'No no,' she said to me and mentioned the name of a person that the subject of this conversation had recently fallen out with. 'She said she was definite that she had stolen stuff.' I was beginning to get quite angry. I felt more and more that there was something behind this. I did not believe that this person was a thief and I did not want to listen to any more. So after a bit tartly telling the person telling me this gossip, which I was beginning to get the feeling was a bit malicious and I was feeling that the person ringing me was being used by another to discredit or spread loshon hara about another, to check and suggest to the person making the accusations that they should talk with the alleged thief and check really whether something had been taken and not just lost in the mess of their place, I resolved that I would not listen to that sort of talk from anyone. I believe that if you think something of someone, it is best to talk to the person direct and not go around spreading tales and creating a false image of this person in the minds of others. What happens if the articles you think are stolen are found after you have told all these people rubbish about a person and then they have carried it further. How do you take all that nonsense back? How do you salvage the reputation of a person you have ruined in the eyes of a community?
Better not to say it in the first place.
I do want to say that I had a great meal at Amalya's recently. It is 100% kosher and under KA which is Rabbi Modechai Gutnick. He is the Dayan of the Melbourne Beth Din and furthermore is the Rav of several friends of mine. I do not know whether I could say I trust him with my life, but definitely with my kashrus and that is on very good authority.
I have had Mexican Eggs at Amalya's and they are great. A spicy dish that is very reasonably priced. Just recently when I had a lunch with friends I also had the Enchilada. That was a tasty and filling meal at $14. One of my friends (non Jewish) was very impressed with the Avocada and Pomegranate Ensenada which she said was both delicious and a good sized portion with interesting combinations of fruit and vegetables. The other friend, not as adventurous as we were, stuck with the Lentil soup which is a great staple at Amalya's and something that I love to eat when I can afford in winter.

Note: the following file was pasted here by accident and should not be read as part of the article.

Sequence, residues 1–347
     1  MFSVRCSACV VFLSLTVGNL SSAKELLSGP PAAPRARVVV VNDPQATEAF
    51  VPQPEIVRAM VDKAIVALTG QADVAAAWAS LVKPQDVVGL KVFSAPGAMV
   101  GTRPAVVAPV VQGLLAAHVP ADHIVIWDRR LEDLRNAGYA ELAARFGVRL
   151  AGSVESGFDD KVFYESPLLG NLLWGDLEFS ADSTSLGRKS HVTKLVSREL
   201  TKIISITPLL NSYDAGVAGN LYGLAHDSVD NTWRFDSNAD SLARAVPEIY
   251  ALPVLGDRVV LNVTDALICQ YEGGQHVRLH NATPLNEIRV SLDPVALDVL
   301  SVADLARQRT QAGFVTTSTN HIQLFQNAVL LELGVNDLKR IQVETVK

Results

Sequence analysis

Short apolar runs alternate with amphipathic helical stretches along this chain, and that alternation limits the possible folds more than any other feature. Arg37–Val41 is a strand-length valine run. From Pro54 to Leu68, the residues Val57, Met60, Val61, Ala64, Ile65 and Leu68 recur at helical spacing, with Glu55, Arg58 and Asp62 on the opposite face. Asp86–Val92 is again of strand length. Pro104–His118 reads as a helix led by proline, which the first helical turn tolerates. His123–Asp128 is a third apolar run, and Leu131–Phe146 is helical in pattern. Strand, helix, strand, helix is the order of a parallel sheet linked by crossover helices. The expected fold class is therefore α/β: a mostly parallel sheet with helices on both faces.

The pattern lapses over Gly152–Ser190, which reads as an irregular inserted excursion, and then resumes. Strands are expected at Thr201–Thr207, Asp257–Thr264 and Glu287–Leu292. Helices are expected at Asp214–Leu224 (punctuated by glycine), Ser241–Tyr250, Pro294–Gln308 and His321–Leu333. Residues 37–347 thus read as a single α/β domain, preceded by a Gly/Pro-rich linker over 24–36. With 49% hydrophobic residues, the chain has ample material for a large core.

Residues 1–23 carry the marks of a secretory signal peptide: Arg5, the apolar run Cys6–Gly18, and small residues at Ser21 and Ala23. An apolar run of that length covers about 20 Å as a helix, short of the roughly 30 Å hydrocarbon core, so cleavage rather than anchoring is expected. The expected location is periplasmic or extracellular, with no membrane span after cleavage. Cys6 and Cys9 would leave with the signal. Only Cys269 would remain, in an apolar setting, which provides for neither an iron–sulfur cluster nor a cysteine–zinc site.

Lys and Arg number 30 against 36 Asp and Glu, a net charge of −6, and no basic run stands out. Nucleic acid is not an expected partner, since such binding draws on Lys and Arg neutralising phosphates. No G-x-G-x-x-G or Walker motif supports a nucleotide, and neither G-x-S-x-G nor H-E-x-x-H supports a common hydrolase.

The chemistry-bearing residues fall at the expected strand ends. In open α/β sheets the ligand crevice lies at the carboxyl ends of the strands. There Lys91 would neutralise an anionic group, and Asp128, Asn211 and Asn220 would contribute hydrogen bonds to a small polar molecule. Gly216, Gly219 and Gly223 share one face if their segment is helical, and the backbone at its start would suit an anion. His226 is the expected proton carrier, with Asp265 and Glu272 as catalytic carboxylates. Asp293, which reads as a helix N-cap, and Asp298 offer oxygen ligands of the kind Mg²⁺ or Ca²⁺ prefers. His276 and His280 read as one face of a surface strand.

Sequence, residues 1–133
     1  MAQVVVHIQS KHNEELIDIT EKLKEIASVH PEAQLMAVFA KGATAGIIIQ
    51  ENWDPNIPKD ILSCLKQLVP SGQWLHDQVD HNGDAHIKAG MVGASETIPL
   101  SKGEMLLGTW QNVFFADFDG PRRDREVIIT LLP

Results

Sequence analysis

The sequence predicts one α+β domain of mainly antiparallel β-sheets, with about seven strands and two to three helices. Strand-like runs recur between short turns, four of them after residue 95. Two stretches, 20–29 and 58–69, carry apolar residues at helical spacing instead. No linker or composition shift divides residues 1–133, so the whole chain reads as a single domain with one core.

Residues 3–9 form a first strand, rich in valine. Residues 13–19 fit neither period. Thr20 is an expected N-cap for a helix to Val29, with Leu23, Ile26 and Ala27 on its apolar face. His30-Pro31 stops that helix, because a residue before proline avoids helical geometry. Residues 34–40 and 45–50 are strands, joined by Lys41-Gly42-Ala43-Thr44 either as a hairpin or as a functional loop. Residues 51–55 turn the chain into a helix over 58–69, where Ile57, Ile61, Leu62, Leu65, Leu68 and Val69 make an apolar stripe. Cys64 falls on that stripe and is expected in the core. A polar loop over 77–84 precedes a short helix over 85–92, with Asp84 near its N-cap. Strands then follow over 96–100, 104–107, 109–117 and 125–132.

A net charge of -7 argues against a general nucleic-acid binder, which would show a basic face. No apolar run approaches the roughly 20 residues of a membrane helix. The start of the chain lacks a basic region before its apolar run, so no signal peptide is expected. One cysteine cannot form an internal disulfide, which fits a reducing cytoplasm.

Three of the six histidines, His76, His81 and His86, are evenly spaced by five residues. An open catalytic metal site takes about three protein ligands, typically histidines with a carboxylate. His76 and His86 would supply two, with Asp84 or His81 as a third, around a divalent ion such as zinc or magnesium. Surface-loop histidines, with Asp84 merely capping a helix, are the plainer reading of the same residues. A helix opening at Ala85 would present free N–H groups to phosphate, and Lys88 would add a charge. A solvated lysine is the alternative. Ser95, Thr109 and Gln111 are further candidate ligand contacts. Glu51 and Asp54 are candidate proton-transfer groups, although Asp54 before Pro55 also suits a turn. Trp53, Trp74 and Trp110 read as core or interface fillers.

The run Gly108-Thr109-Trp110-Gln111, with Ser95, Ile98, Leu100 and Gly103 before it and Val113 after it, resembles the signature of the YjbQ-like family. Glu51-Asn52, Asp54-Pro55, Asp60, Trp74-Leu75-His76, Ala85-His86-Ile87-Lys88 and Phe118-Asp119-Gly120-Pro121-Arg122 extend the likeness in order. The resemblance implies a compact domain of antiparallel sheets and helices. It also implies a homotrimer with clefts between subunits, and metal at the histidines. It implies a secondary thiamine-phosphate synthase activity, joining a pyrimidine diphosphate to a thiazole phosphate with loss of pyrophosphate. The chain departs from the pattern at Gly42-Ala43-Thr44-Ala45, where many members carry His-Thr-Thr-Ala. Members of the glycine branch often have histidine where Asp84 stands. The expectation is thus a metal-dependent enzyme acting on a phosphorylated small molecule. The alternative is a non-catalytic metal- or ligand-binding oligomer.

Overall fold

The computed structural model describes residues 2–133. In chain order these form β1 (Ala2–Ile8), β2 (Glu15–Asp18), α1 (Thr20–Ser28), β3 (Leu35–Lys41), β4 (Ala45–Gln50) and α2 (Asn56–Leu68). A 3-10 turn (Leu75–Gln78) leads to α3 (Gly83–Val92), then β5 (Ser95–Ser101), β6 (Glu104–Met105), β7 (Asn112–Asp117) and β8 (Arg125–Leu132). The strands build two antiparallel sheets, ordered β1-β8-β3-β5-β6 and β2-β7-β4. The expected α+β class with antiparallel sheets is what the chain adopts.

I have also began to frequent Milk and Honey which is just a block away on the corner of Hawthorn and Glenhuntley Roads. They are open quite early in the morning and closed on Shabbat and Yom Tovim. I have not been able to afford much eating out of late, but they do have a special of eggs and a coffee for $9. They tell you that you can choose how you have your eggs. It is an all day special and they also have a good selection of cakes to go with coffee and other meal delights are on the menu.
I will, I guess get a chance to try them once I get work and get paid for writing or teaching or both.
The one suggestion that I want to give Milk and Honey is to put a sprig of parsley or 1/2 teaspoon of chopped parsley with the eggs. Doesn't cost much but it adds colour and taste to the eggs. It is the art of the thing. The eggs were great tasting without it, but just for my discerning eye for flair, it is touches like this that make customers remember you. They should not have trouble though with that as they are always almost full and the atmosphere is lively and I am sure it will remain so.
There are now plenty of coffee shops that are 100 % Kosher to service the Jewish community as well as the non Jewish clientele who like something different. In Glenhuntley Road, we do have Savion up at the corner of Beavis and Glenhuntley Road near Orrong Road and we also have Amalya's and Milk and Honey as well as two other cafes Nogga's in Carlisle Street and Sweet Crumble in Glenferrie Road.
Why are these coffee shops or cafes succeeding so well? They do offer something individual and different. To find out why and their individual styles and menus, you will have to visit them.
Here are some of the websites.
Milk & Honey
Their Facebook page as I keep getting an ad for web design everytime I try to access their website. It could be me.